Session hosting

Session hosting is when a server, or computer, runs your game’s matches. Each match, with a set group of people, is considered a session. And session hosting is where that match is taking place.

 

We use this term for running multiplayer games

Think of a match for Call of Duty. You’ll have 150 players in that one instance, with a time limit of 40 to 60 minutes. This is what we would call a session.

 

There are different ways to host your sessions

For that session to run, you’ll need to host it somewhere, ideally close to the players so they don’t experience lag or bad gameplay. And there are different types of servers you can use to host your game, depending on what you need.

Related Terms

Bare-metal servers

A bare-metal server is a physical machine which lives inside a data centre. It’s a place where you’ll host your games matches and sessions.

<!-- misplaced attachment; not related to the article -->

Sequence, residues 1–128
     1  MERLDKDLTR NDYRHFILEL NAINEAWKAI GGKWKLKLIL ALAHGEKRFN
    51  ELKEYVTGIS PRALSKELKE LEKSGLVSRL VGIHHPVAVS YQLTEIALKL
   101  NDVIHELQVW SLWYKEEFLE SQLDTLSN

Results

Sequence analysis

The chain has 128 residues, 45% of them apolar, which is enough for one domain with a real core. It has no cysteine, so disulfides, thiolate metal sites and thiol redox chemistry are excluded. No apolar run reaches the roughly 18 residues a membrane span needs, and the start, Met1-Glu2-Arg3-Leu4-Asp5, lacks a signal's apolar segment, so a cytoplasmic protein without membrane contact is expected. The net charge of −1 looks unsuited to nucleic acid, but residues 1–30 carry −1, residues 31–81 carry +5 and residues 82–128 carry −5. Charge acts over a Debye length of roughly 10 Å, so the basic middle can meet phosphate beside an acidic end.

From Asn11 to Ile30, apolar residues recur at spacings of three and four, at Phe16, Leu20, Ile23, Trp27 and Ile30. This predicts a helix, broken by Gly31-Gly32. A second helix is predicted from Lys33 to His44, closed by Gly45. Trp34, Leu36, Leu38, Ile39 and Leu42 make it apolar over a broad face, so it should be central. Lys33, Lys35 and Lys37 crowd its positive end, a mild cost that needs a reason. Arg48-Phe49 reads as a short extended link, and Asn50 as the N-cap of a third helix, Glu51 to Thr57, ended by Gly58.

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Client-server architecture

Client-server architecture is where you have external machines that host your game’s server and players can connect to it.

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Cloud servers

Your cloud server is a virtual server. It runs in a cloud computing environment, and it's a place where you’ll host your games’ matches and sessions.

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Latency

Latency is how fast data is moving. How quickly does it get from point A to point B? (And it’s generally measured in milliseconds.)

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Matchmaker

Your matchmaker decides which players to group up for a session. It grabs information from each player and then runs it through a set of rules to figure out the best possible match.

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Peer-to-peer architecture

Peer-to-peer is when you designate one player as the host of a session, and the other players connect to their machine. Whereas client-side servers are external machines which hosts your game’s sessions.

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